President Alberto Fernández announced a dramatic tightening of measures to tackle the spread of Covid-19 on Wednesday, as fears over the nation’s health system escalated.
In a nationwide address, the Peronist leader told Argentines that he was extending the hours of an existing nighttime curfew, further restricting business hours and ordering the closure of schools in the Buenos Aires Metropolitan Area until the end of April.
The move, which comes after a surge in infections, the so-called ‘second wave,’ was made hours after the Health Ministry confirmed 25,157 cases and 368 deaths over the last 24 hours. More than 2.6 million people have now been infected in Argentina since the start of the pandemic, with 58,542 fatalities.
The president’s announcement was met with fierce criticism from the opposition and a cacerolazo pot-banging protest in and around Buenos Aires. Much of the anger focused on the decision to suspend face-to face classes at schools, though rival politicians also criticised the economic impact of the restrictions.
Adding to the confusion, just hours before the announcement, Education Minister Nicolás Trotta had told a meeting of the Federal Education Council that any restrictions "should not imply the absolute suspension of classes in classrooms as a first measure."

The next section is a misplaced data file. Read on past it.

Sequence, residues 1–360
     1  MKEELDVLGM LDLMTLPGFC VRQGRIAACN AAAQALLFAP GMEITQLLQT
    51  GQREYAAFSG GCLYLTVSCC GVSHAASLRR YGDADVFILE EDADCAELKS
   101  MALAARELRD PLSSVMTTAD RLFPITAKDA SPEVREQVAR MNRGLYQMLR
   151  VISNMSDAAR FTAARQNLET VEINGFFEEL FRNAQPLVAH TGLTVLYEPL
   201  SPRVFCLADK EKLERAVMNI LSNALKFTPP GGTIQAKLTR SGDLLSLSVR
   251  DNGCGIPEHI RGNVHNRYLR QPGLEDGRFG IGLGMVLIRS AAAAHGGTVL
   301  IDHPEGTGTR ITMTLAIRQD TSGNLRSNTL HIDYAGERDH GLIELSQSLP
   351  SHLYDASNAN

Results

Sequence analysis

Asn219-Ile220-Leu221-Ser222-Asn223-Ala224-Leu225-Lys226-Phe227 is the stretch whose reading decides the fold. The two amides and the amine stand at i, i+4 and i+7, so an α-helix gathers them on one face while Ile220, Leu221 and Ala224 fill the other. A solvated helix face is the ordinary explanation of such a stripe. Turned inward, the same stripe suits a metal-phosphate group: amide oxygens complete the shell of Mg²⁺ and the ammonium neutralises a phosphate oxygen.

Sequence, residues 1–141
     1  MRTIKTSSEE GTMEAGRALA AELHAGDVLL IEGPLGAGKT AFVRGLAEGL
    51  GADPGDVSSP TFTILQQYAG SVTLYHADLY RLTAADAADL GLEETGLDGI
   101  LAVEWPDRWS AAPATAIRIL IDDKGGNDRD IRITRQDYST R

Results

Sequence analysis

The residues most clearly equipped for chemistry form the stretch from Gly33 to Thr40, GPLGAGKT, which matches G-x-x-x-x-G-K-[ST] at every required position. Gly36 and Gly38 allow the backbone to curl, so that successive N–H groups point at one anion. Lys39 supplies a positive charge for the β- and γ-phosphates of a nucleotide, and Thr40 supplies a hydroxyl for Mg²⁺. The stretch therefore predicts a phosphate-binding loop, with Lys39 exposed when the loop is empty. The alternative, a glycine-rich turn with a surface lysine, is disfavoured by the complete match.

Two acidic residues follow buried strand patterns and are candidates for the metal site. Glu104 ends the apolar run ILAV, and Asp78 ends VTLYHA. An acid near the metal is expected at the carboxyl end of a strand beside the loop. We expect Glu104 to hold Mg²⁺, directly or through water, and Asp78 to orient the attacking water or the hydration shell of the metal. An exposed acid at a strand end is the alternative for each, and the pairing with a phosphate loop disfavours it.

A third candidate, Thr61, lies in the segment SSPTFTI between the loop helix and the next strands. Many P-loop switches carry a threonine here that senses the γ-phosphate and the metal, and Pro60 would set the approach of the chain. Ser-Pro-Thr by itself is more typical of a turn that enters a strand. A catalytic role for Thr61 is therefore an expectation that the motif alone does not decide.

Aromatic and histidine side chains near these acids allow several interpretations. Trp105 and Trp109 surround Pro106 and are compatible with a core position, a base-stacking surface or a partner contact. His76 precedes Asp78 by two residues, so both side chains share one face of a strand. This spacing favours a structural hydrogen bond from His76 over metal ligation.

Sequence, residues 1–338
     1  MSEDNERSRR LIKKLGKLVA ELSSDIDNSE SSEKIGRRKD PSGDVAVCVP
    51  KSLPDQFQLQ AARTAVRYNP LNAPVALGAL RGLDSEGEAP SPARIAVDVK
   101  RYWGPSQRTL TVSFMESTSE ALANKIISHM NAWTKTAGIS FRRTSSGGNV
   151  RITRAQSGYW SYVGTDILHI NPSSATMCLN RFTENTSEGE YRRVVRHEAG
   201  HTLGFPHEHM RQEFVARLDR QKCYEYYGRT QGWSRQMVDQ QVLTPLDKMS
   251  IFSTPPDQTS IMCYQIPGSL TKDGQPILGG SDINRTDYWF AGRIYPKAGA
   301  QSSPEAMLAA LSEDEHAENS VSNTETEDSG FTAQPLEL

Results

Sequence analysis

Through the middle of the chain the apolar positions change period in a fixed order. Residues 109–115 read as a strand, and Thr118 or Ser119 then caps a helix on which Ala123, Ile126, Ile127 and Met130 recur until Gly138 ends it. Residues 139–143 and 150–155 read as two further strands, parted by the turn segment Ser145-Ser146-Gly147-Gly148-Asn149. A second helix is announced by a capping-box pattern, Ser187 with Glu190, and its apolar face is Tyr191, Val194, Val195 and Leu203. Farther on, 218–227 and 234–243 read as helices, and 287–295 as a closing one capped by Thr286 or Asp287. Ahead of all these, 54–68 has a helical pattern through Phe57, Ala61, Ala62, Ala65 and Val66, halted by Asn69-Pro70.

The new rules were announced after a summit at Olivos involving Fernández, Cabinet Chief Santiago Cafiero and Health Minister Carla Vizzotti.
In recent days, fears have grown over the surge in infections, while expert medical advisors to the Casa Rosada warned that the health system was under increasing strain, especially in the AMBA region.
Fernández said that, as from Friday, the existing nighttime curfew would be extended from 8pm to 6am for those not considered essential workers, with business hours restricted to 10 hours between 9am and 7pm, including restaurants and bars, which can only remain open afterwards for home delivery.
In the Buenos Aires Metropolitan Area (AMBA), in-person classes at all three educational levels will be suspended for the next two weeks as from Monday, he added, with all learning to be completed virtually until the end of April.
All recreational, social, cultural, sports and religious activities in closed places are to be suspended in the region, he added.
The president said that AMBA had been picked out as the region “constitutes a single urban agglomeration” which is “one of the most populated areas in the Americas." High population density creates better conditions for the virus to spread quicker, he argued.
Covid-19 in surging in Argentina, with officials recording significantly more cases than a month ago. Over the past week, daily caseloads have regularly topped 20,000 (with a high of 27,001) compared to 6,000 on average in March.
Fernández, who on Wednesday was given the all-clear by doctors after contracting Covid-19, despite having had two Sputnik V vaccine shots, called on citizens to be careful.
"Let's be strict [with ourselves], let's be careful,” he said. “All efforts seem insufficient in light of the [rise in] infections."
The president invited Argentina’s provincial governments to follow suit and adopt the same measures.
The Juntos por el Cambio coalition fiercely criticised the measures, with PRO party leader Patricia Bullrich declaring that “the bureaucrats who collect their salaries every month have won."